show you, but also colorfully na-
tive haunts not overrun by Amer-
ican tourists.
ACCOMMODATIONS: Clean,
comfortable, simple. Ocean pas-
sage on Holland-American and
Cunard liners, excellent cuisine,
splendid cabins, roomy decks, en-
tertainment. In Europe: attrac-
tive inns, , pensions, the better
youth hostels, tiny private homes.
Abundant, regular healthful
meals.

COST: 9 to 11 weeks tours from
$298 to $468, depending upon
itineraries. This INCLUDES ALL
TRANSPORTATION, F O O D,
LODGING, TIPS, ENTERTAIN-
MENT (opera, cathedrals, thea-
tres, museums, etc.) and SPEND-
TNG MONEY ON CYCLING
DAYS, from New York back to
New York. Only purely personal
expenses such as laundry, pass-
port and visas are not included.
REQUIREMENTS: Applicants
must be under 35 years of age,
and, before being accepted into
any group, must fill in a detailed
information blank and submit a
Doctor's certificate of good
health.
FOR THOSE WHO PREFER,
THERE ARE ALSO UNHUR-
RIED MOTOR-BUS, FALT-
BOOT (canoe), AND TRAIN
AND WALKING TRIPS.
These tours will appeal especially
to those desirous of avoiding the
usual hurrying about, colored
glasses and "shock absorbers"
characteristic of most American
tours, and those eager to see be-
neath 'the surface in order to
learn how the real European nor-
mally lives.

4 a
our
hlt-
vith 1
lost
on-i
ies.
mi-

(Ckiue nPae4

EVENING RADIO PROGRAMS

1

I. EVNN AIRGA s

I

Lu ~jfj I~r e, eoryj

FOR SALE
FOR SALE: Radio Phonograph and
500 classical' records. Phone 5538
evenings. 468
WASHED SAND and Gravel. Drive-
way Gravel. Killins Gravel Co.
Phone 7112. 7x
LAUNDRY
LAUNDRY. 2-1044. Sox darned.
Careful work at low prices.
NOTICES
VIOLA STEIN, 706 Oakland. Phone
6327. Experienced typist. Reason-
able rates. 232
TYPING, neatly and accurately done.
Mrs. Howard, 613 Hill St. Phone
5244. 3x
CLOTHING WANTED TO BUY: Any

old and new suits, overcoats, at $3,
$8, $25. Ladies fur coats, typewrit-
ers, old gold and musical instru-
merits. Ready cash waiting for you.
Phone Sam. 6304.
LOST AND FOUND
LOST: Kappa Alpha Theta pin be-
tween Observatory Lodge and Ul-
rich's. Jane Garnett. Telephone
2-3341. 466
WILL the person who found two
watercolors at the Lydia Mendels-
sohn Theatre, please return to
Laura Adasko, 2-2591. 471{
LOST: Notebook and Botany I text
in Union Library Tuesday. Call
3936. Sidney Wagner. 469
LOST: Small gold pin in shape of
wings. Saturday at Pretzel Bell. Re-
ward. Call Miss Mueller, 7717.
470
LOST: Pair long black gloves at
Phi Delt house Friday 18th. 591
Jordan Hall. 474
LOST: Brown billfold containing sum
of money and identification Satur-
day afternoon between campus and
Majestic. Reward. Edward Tripp
5663. 465
ROOMS for permanent, spring vaca-
tion or week-end rental. Phone
8544. 473
WANTED
WANTED: Three passengers to drive
southeast to vicinity of Georgia
Spring vacation. Call Mrs. Beebe.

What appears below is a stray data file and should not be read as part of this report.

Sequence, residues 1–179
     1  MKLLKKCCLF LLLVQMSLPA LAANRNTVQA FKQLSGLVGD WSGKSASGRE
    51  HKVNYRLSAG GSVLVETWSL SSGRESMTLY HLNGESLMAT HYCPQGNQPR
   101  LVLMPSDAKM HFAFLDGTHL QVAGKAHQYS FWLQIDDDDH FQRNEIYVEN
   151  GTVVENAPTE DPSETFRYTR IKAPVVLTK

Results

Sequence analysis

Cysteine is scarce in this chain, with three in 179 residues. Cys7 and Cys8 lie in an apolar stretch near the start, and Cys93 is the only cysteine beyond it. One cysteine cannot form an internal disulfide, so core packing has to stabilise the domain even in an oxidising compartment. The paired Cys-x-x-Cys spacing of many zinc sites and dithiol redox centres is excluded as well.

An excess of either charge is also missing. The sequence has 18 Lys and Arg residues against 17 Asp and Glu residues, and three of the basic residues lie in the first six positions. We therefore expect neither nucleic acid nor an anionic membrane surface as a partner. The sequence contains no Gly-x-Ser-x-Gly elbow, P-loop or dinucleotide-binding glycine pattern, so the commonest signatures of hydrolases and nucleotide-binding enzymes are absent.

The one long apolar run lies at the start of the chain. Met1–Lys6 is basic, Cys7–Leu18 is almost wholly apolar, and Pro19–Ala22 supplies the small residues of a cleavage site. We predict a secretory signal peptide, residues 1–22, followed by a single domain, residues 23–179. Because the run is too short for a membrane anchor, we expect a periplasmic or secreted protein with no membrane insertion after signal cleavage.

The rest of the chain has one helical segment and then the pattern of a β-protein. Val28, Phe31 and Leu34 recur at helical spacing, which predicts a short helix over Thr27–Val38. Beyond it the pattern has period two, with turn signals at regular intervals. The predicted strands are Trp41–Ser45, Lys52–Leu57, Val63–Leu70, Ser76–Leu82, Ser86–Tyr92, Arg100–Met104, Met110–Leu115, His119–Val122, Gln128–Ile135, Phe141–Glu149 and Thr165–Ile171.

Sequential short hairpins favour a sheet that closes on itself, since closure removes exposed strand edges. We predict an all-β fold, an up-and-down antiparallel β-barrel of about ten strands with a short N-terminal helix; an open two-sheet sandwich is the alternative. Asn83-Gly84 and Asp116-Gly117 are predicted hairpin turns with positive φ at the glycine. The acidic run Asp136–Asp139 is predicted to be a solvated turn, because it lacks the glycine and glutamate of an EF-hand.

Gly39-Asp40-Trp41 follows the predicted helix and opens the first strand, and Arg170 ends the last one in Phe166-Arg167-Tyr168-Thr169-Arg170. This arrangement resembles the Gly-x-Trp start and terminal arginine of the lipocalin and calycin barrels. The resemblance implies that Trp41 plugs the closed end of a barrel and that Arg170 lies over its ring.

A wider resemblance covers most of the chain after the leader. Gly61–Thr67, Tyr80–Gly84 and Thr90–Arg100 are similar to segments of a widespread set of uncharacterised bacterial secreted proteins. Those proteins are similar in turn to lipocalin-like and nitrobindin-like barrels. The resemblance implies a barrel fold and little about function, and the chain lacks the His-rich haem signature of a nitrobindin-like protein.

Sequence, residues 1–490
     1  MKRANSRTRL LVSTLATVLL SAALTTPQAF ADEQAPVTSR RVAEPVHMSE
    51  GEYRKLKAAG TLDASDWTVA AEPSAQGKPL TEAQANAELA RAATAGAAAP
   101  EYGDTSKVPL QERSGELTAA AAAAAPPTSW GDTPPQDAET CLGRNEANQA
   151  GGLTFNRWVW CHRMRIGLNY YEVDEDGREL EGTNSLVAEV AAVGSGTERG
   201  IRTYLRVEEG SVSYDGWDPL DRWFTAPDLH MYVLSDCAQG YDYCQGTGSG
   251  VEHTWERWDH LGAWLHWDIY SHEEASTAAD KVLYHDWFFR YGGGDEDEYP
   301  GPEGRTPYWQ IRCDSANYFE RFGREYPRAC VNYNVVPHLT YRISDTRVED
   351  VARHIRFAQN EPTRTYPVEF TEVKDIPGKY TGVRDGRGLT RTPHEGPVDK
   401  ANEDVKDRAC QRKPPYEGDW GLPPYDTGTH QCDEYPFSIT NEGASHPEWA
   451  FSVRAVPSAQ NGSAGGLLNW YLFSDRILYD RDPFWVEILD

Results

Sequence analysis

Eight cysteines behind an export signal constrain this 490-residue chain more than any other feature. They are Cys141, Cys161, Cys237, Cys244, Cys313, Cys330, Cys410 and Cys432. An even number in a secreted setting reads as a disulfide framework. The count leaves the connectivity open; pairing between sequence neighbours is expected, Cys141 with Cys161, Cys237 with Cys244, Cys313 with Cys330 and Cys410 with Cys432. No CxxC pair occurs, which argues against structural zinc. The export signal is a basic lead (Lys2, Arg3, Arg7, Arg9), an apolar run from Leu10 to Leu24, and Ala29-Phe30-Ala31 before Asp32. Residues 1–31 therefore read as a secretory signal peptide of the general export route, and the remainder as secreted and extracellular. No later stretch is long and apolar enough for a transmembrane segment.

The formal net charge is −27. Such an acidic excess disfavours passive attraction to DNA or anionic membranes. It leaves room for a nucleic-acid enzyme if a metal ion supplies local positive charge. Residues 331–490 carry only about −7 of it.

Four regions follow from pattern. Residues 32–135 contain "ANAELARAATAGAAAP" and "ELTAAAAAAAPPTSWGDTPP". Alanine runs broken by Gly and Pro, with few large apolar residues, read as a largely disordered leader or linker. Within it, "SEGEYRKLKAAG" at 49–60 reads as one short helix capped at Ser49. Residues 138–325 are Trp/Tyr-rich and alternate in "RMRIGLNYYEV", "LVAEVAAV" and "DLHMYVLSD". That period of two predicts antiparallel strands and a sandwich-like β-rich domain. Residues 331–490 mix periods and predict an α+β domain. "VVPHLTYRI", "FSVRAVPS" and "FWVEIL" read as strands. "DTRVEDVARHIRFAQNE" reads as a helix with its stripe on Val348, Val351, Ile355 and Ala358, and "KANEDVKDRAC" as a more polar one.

7396. 472!

WJR
P.M.
6:00-Stevenson Sports.
6:15--Dancing Moods.
6;:30- -Boake Carter.
6:45--Vocal varieties.
7:00-Poetic Melodies.
7:15-Hollywood Screens-COOp i
7::30--Gabriel Heat ter.
8:00--Kate Smith.
9:00--Major Bowes.
10:00-- Musical.
10:30-The Mummers.
11:00-Headline News.
11:15 -Aericans at Work.
11:30-Buddy Rogers Orch.
11 :45- Mediator.
12:00-Johnny Hamp's Orch
12 30--Dance Music.
WWj
P.M.
6:00--Tyson Sports.
6:15--Dixie Strings.
6 :30-Bradcast.
6:45-MusicalsMoments.
7:00-Amos 'n' Andy.
7:15-"House Party."
7 :45-Sport Review.
8:00--Rudy Vallee.
9:00-"Good News of 1935'
10:00-Kraft Music Hall.
11:00-Newscast.
11:10-WebsterHall Orch.
11:30-- -Dance Music.
12(:(00 Dance Music.
CKLW
P.M.
6:00-wheel of Chance.
6:30-The Witching Hour.
7 :00-Spdrtscast.
7:30-United Press Bulletins.
7 :45-Orchestra.
8:00-Sinfonietta.
8:30-Happy Hal's Housewarming.

9:00-To Be Announced.
9:30-Moonlight Rhythms.
10:00-H1ollywood Serenaders.
10:30--Henry Weber Music.
11:00-Canadian Club Reporter,
11 :15-"Theatre Digest."
12:00--Dance Orch.
12:30--Kay Kyser Orch.
1:00---The Dawn Patrol.
WXYZ
P.M.
6:00--Day in Review.
6:15---'rhe Black Flame.
6 :30--Orchestra.
6:45-Lowell Thomas.
7 :00--Easy Aces.
7 :1 5-Mr Keen.
7:30--Green Hornet.
8:00-March of Time.
8:30--Barry McKinley.
9:00--Rochester Philharmonic.
9:30--American Town Meeting.
1(0:30-NBC Night Club.
11:00--John McKay.
11:30- Jimmy Grier.

SPONSORED AND DIRECTED BY The Students' International
Travel Association (known as SITA) a responsible, growing organ-
ization of students in the U.S. and 10 foreign countries, believing
in the educational value of travel, properly conceived and directed,
and seeking to make such travel available to as many students as
possible. Being international in scope it secures and passes on to
members remarkable savings on accommodations abroad.
Address applications and inquiries to: Dr. H. J. SKORNIA
Department of Romance Languages

MARSHALL Cut-Ra3te Druq
231 SOUTH STATE - Phone 9242 - 8 Doors North of Kresge's
TED'S DAILY DOUBLE-PRICES EFFECTIVE TODAY
50c
Salted Spanish Milox Toothpowder
Peanuts 29c
Contains Sodium Perborate
Half Pound . . . 6c with Milk of Magnesia

DRIVEWAYII
GRAVE L
KILLINS GRAVEL
COMPANY

heh
S Cll
1 S.
os f 11
1JI- I C 1 -j'
Jj 01
c0,1' C i A
dSIC
Three More
Performances!
..4 ILIA A

-. .. .

I

Dniiv Z:00-l4:00-l7 -nn-9m n m , l l 1 WOR

...,.)

elmaw

Telephone

7112

. - '

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- - _ _ ... _ I

The Deportment of Physical Education
for Wormen presents

I -r 1 A M E5 51 EWAR 1 r if